Sometime in the 160’s on the borders of Mysia (western Turkey) a believer named Montanus broke onto the scene. He testified that he had experienced an ecstatic visitation of the Paraclete (the Holy Spirit) and, along with two women (Maximilla and Priscilla), had the ability to deliver prophetic messages from God.
The Montanist message, whether spoken or delivered in ecstatic utterance, consisted of: the promise (or warning) of the immanent return of Jesus and the apocalyptic end of the world, a new outpouring of the Spirit announcing this message, and an encouragement to embrace persecution and martyrdom.
The church had not discouraged these messages up to this point, and indeed, did not immediately disagree with Montanus. Unfortunately, other messages existed behind these to form a three-part subtext.
- First, two of the primary characters were women. There are some modern scholars who seize upon this as evidence for a patriarchical stronghold that would deny any leadership to women. There are good arguments against this position, but the early church was a male dominated movement and women certainly did not have equal access to leadership roles.
- Another subtext was the over-zealous approach to martyrdom. We have already covered the problems with what can be called “the cult of the martyrs.” It is highly likely that Montanists were among the martyrs in the famous persecution scene of Lyons in the year 177.
- Probably the most problematic aspect of the Montanists was the view that their prophecies carried the authority of the gospels, and of apostolic teaching.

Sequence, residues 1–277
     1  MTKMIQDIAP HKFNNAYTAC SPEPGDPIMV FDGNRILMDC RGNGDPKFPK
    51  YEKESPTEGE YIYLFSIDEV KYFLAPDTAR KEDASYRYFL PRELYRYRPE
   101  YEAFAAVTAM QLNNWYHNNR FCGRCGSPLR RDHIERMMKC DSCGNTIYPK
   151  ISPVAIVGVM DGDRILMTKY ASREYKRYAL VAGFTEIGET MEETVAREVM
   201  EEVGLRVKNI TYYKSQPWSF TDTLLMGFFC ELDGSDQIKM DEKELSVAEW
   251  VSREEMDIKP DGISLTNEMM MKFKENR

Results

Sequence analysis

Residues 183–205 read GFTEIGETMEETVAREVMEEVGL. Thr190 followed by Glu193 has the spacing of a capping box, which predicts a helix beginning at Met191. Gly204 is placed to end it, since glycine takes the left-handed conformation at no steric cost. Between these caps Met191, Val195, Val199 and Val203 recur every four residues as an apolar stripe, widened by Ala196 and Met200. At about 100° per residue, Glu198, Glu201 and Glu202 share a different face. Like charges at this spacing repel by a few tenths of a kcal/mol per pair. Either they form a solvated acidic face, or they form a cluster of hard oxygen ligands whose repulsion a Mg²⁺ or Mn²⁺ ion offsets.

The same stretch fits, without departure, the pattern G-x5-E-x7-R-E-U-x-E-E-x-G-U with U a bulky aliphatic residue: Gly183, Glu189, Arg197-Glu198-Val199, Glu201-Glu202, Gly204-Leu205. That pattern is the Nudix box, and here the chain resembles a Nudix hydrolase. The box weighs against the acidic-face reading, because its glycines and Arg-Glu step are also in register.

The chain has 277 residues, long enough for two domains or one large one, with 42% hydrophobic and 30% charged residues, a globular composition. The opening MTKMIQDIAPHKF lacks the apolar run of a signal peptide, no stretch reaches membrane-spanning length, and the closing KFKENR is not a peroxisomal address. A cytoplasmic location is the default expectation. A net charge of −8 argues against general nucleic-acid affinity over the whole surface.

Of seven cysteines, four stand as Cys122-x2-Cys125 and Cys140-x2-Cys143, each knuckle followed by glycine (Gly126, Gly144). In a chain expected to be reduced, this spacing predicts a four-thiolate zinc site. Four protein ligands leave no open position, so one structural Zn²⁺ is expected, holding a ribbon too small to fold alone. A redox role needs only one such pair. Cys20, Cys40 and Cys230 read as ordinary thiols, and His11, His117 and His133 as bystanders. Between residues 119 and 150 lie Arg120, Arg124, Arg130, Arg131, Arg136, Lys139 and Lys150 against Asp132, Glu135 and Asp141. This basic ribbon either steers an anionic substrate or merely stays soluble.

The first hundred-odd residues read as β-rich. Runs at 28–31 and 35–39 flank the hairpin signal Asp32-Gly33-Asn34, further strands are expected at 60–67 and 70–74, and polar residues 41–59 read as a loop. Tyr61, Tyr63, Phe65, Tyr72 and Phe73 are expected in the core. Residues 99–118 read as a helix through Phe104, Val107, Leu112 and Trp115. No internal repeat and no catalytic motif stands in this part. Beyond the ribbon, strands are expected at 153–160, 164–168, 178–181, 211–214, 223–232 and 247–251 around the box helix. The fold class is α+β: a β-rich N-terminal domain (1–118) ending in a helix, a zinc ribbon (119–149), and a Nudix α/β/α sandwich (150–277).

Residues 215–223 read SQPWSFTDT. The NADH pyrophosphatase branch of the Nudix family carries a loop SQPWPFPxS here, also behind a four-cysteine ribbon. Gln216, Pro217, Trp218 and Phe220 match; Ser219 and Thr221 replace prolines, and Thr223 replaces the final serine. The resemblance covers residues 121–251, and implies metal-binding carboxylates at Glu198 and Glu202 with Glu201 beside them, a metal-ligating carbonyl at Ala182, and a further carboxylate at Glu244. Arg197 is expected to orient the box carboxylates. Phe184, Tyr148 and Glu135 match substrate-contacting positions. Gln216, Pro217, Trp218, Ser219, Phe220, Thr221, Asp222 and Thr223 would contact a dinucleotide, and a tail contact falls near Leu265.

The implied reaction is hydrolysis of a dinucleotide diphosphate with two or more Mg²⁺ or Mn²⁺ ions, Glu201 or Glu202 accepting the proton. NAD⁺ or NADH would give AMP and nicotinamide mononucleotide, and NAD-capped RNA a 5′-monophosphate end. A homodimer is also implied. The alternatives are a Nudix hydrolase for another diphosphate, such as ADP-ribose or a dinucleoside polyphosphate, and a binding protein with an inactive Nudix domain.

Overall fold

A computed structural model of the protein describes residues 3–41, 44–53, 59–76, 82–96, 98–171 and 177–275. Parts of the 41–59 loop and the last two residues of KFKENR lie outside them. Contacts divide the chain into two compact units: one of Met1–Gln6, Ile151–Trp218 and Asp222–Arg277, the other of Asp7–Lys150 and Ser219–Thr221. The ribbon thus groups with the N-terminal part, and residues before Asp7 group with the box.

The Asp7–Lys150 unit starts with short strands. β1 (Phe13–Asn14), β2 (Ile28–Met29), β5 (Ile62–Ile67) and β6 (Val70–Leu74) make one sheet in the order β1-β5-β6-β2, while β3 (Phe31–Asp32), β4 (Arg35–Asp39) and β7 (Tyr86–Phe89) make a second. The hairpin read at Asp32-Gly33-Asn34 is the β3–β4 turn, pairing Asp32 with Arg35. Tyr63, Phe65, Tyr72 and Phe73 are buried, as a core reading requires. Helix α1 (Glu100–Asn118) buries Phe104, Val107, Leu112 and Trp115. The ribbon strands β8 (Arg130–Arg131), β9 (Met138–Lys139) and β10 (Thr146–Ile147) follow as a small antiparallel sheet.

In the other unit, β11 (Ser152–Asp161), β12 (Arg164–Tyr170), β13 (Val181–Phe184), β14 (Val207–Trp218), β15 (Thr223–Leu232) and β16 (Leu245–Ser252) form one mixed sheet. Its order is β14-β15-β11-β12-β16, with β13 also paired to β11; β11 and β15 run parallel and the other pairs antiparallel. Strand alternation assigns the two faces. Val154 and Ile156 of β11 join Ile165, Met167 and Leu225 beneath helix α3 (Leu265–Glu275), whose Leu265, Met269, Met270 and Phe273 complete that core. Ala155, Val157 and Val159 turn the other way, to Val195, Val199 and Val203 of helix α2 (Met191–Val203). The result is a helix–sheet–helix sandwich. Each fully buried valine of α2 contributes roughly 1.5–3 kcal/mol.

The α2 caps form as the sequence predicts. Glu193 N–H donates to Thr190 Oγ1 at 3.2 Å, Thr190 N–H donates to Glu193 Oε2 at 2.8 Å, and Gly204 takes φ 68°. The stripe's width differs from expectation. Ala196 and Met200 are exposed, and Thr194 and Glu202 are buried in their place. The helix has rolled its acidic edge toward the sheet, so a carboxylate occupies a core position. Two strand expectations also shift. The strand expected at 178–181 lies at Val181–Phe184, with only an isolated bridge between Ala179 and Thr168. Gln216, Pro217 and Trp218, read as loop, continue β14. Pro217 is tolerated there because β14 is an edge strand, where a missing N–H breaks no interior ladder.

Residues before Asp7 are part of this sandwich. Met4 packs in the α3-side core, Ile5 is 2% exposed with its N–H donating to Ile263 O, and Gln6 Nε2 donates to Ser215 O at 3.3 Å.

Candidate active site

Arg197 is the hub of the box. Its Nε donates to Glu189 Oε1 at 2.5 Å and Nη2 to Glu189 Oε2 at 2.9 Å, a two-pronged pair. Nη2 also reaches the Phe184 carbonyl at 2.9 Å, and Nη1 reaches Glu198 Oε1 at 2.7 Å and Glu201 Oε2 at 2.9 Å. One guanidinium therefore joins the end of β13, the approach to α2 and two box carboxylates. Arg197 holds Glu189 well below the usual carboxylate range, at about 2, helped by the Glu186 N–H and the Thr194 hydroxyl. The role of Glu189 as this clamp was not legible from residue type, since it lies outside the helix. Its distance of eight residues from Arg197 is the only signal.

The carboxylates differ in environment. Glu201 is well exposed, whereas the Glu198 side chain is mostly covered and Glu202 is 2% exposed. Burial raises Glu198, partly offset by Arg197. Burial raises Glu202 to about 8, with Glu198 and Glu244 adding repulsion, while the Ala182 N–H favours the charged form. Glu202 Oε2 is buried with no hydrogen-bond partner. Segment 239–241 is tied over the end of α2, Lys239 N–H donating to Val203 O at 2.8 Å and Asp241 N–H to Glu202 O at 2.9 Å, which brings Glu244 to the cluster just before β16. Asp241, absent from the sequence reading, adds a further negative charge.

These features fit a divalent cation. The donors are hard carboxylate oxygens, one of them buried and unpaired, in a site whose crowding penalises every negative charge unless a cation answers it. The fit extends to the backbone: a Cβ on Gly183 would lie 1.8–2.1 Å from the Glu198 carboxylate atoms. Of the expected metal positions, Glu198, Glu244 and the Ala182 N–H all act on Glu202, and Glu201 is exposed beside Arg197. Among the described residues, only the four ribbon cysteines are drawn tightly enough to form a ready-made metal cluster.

- Montanus and his two prophetesses did not see themselves in need of the authority of the church. The leading bishops did, however, prevail even after Tertullian defected from the church and joined the Montanists.
- Around 179 AD Maximilla complained of the treatment she had received, “I am driven as a wolf from the sheep. I am not a wolf. I am word, spirit and power.” (Eusebius, History V.16.17)
- In the end, Montanism was rejected more for being fanatical than for being heretical.
David Wright concludes his study on Montanism by saying, “The reaction against Montanism brought upon the church impoverishment more detrimental than the upset caused by the unbalanced excesses of the New Prophecy.“ (Wright, David, “Why Were the Montanists Condemned?”, Themelios 2:1, pp.15-22; also www.earlychurch.org.uk/article_montanists_wright.html).
Monarchian beliefs enjoyed a great vogue around the turn of the second and third centuries. Their refutation engaged the full vigor of giants like Origen and … the Montanist Tertullian!
Was not Praxeas, the arch monarchian demolished by Tertullian in his most significant work on the Trinity, the very one who had at Rome not only ‘introduced heresy’ but also ‘banished (the New) Prophecy’?
Tertullian is unequivocal that Montanus and his associates were not condemned for any transgression of the ‘rule of faith and hope’, and professes that the direction of the Paraclete commits him ever more confidently to his exposition of the Trinity.
Tertullian records a prophetic oracle which is entirely catholic:
‘God brought forth the Word as a root brings forth a tree, and a spring a river and the sun a ray’ (Sources, pp. 44, 37, 45). ‘
Tertullian helped to rescue the catholic church from theological heresy precisely because he was a Montanist’ (Barnes, op. cit., p. 142).
Opponents accuse Montanus of ‘prophesying contrary to the manner which the church had received from generation to generation by tradition from the beginning.‘ ‘He fell into a state of possession, as it were, and abnormal ecstasy, insomuch that he became frenzied and began to babble and utter strange sounds.’ The two women ‘chattered in a frenzied, inopportune and unnatural fashion‘ (Eusebius, [p.17])